EGREMONT -- Reena Bucknell, the town's suspended police chief, and the Board of Selectmen have reached a verbal agreement about her future employment during a recent closed-door meeting, but the details won't be released until attorneys from both sides have hammered out a contract.
Selectmen confirmed terms were reached during an hour-long meeting on Aug. 12, and there could be some elaboration on Monday's Selectmen's meeting. At that meeting, they'll also be discussing a Sept. 30 special town meeting, which could include an article on continuing the contracted services of interim Police Chief Brian Shaw.
Selectmen declined to comment on Bucknell's future role with the department and how long she'll stay with the department.
"It's my understanding the attorneys are working through [it]," Flynn said.
The Board of Selectmen suspended Bucknell in February after police department officers voted no confidence in the police chief of more than 15 years.
In March, the town hired Pomeroy Resources Inc. to review the department and its report identified multiple concerns with the department under Bucknell's tenure: high turnover, police officer training issues, antiquated police procedures, and improper follow through on grant application provisions.
In July, Bucknell defended her record point-by-point before the Selectmen in a public hearing. Former Pittsfield Police Department Anthony Riello advocated on her behalf and questioned whether the consultant's experience running a large police department provided him the expertise to review a small-town department.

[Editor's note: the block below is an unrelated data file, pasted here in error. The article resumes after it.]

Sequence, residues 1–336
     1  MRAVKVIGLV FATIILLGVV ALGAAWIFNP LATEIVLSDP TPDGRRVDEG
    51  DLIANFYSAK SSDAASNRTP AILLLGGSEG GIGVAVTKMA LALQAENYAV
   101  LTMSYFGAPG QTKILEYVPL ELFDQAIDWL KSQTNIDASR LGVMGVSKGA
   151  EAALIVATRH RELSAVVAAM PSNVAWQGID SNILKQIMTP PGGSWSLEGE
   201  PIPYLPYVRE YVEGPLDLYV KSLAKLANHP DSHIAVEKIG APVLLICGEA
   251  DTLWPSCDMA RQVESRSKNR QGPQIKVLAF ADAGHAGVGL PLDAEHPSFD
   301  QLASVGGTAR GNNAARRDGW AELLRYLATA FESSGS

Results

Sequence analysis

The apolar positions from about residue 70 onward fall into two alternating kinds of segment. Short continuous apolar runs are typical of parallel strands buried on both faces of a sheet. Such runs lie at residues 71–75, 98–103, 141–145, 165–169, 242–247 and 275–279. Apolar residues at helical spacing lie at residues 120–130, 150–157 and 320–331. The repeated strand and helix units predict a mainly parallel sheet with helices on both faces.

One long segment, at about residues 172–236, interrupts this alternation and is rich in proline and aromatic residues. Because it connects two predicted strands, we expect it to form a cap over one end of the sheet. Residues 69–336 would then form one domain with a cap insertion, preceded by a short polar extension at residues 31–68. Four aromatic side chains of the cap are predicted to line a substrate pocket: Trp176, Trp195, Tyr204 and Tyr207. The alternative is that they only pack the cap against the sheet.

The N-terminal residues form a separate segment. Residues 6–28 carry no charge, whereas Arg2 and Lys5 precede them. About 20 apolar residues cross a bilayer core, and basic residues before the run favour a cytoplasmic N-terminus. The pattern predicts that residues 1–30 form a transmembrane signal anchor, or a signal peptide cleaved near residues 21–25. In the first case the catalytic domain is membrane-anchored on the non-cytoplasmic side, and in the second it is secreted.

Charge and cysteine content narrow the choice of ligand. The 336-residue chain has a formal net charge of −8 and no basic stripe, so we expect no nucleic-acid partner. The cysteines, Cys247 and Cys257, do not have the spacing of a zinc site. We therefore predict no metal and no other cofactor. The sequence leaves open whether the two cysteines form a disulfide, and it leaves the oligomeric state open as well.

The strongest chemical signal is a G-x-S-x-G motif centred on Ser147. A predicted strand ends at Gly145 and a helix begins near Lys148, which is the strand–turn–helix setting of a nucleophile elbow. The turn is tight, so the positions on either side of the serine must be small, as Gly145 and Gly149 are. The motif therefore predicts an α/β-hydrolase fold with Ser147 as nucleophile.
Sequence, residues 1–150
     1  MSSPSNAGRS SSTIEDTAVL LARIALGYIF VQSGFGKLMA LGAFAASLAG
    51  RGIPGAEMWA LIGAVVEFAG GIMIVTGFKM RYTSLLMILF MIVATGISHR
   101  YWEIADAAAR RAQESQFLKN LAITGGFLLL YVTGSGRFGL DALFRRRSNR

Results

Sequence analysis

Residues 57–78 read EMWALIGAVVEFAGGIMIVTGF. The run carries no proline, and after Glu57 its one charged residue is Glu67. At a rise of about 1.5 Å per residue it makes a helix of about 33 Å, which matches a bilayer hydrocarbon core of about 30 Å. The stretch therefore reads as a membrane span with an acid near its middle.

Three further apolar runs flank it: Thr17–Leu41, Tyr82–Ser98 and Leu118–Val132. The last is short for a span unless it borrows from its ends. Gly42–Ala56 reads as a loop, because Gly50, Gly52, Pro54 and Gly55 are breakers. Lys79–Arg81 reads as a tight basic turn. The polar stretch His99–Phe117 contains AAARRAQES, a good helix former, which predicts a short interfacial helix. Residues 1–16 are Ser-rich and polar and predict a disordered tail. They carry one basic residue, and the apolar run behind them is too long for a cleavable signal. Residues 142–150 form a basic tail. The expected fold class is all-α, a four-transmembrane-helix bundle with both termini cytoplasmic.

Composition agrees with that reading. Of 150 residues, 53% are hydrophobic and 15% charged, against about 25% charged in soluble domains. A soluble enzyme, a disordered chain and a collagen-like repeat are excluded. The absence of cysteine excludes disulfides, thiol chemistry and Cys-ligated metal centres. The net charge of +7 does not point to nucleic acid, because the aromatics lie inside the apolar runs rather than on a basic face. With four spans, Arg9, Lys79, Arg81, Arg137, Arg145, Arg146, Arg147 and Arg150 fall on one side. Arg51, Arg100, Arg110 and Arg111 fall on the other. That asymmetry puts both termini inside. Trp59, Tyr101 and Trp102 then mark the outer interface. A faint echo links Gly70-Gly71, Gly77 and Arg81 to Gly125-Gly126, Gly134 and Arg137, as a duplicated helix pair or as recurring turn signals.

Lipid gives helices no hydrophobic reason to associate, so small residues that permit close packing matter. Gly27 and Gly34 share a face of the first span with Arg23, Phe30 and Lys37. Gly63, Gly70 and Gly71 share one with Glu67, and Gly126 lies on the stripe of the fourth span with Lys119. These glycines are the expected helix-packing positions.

The Select Board and Bucknell have publicly met twice to discuss her future with the department. There's been disagreement about how long she should remain with the department and what her future role should be. Both sides have acknowledged the possibility of a lawsuit if an amicable agreement isn't reached.
Bucknell has stated she would prefer to return to the department as police chief through December and then retire; Selectmen have outlined 12 provisions that would limit her role to a consultant and she would be supervised while on town property.
In the latest developments, Selectmen Charles Flynn said the board's majority have "a handshake and approval" of terms that will be drafted out by attorneys. Flynn, who has been the most vocal on the board that the town should part ways with the former police chief, said he did not vote in support of the agreement.
Bucknell's attorney, Michael Akerson, did not return calls for comment.